Even after someone passes away, there are ongoing expenses that need to be taken care of. It’s important to continue making necessary payments to maintain assets and prevent the estate from accumulating debt. If the bank won’t allow payments from the deceased’s account, you will need a death certificate or a power of attorney to access the funds.

Alternatively, the estate trustee or a beneficiary can pay these expenses personally and get reimbursed from the estate later. If you can’t make payments, the estate trustee should contact the creditors to explain the situation and request a grace period to avoid immediate debt enforcement.

Below is a checklist of some of these necessary payments to maintain when someone dies:

  • Home upkeep such as mortgages, utilities, or rent. Utilities are super important during the winter so that pipes do not freeze or if there are tenants living in a property.
  • The minimums on credit cards so that the Estate does not end up with a big bill or in collections.
  • Expenses for the continuation of any businesses owned by the deceased.
  • Continuation of paying spousal and child support (this one you can get in a lot of trouble if you don’t!)
  • Cancel subscriptions and memberships, beneficiaries will thank you later!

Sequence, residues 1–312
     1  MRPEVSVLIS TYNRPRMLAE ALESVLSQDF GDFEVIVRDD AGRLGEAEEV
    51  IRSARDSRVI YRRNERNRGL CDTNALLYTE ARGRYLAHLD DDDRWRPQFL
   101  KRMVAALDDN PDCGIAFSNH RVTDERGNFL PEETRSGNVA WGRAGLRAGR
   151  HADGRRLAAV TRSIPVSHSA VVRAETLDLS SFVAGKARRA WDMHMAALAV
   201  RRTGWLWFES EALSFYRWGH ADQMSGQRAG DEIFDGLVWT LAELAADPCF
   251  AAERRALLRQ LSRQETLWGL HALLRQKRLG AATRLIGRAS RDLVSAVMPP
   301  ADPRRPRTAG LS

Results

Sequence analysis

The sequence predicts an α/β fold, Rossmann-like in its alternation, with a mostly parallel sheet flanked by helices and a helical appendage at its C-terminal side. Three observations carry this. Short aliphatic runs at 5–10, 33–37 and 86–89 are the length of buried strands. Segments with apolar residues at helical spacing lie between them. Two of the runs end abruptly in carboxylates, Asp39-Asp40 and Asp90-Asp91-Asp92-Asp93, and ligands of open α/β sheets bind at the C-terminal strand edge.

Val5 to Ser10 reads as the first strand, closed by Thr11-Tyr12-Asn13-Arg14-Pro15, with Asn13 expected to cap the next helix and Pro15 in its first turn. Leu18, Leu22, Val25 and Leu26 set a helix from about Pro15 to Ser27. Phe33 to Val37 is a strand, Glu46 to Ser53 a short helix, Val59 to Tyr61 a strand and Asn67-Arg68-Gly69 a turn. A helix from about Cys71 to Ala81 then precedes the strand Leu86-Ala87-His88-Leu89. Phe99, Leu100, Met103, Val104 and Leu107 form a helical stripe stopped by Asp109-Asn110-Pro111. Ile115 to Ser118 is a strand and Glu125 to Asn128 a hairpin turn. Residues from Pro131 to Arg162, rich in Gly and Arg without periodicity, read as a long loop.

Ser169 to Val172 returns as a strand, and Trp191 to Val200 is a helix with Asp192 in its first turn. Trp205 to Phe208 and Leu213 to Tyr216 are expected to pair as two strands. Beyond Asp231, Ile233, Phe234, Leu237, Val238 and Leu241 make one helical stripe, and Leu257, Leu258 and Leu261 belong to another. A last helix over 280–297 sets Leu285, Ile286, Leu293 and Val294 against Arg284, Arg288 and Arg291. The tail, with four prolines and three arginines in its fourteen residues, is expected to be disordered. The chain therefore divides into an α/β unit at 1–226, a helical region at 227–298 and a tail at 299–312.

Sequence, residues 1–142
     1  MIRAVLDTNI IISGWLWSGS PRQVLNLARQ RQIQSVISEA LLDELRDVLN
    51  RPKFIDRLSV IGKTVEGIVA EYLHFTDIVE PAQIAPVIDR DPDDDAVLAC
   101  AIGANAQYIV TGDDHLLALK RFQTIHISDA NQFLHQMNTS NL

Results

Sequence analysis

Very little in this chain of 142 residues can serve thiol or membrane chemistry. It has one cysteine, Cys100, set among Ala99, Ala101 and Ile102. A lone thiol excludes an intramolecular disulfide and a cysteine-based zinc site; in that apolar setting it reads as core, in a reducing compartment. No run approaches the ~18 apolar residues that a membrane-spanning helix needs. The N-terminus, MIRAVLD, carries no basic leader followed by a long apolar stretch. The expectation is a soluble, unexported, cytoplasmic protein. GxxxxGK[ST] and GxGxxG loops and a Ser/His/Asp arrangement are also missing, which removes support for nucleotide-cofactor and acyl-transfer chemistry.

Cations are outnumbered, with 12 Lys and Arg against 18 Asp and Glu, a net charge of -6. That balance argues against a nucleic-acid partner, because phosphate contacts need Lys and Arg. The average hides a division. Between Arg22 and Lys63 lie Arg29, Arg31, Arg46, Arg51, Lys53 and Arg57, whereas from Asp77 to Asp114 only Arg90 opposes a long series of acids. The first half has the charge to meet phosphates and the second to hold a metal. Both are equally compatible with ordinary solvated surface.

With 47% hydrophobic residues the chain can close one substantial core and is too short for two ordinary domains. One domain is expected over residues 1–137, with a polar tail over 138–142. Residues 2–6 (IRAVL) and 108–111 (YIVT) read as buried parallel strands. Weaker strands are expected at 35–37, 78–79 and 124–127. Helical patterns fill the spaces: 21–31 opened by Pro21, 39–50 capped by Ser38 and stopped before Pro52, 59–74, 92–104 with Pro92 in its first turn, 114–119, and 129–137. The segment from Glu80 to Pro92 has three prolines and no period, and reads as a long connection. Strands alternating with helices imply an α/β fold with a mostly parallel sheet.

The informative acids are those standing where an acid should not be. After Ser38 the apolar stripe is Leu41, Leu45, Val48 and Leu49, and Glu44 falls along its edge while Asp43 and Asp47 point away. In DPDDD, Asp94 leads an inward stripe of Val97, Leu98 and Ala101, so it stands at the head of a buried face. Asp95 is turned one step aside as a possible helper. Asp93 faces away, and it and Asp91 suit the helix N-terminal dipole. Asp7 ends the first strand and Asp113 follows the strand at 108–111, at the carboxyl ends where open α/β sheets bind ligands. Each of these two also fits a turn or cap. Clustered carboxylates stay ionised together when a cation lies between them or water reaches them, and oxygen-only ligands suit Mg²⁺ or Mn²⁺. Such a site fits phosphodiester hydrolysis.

signing documents with an estate lawyer after someone dies

Notifying Relevant Parties and Managing Assets of the Deceased

When a loved one passes away, there are several important tasks that need to be addressed to properly manage their affairs. One of the first steps is to notify any relevant third-parties in order to properly manage their assets, including employers or employees, banks, tenants, insurance companies, and advisors

  • Whether the deceased in a tenant or a landlord people will need to be alerted of their death. If the deceased owns rental properties, write to tenants to redirect rent on rental properties to an active bank account. If the deceased is a tenant, give notice on or sublet rented residence.
  • Ensure someone at deceased’s business has money and knowledge to continue business or appoint manager.
  • Advise insurance companies of death: including change home and automobile insurance into name of estate trustee if possible, and determine requirements with respect to occupation of house, and get vacancy permit if necessary.

Basic Administrative Tasks to Complete When Someone Dies

Handling administrative tasks after the death of a loved one can be overwhelming but is necessary to manage their affairs properly. Essential actions include managing mail, canceling important identification documents and services, and ensuring any entitled benefits are applied for. Our next blog post in the series will help you with the more complicated administration that often involves a lawyer.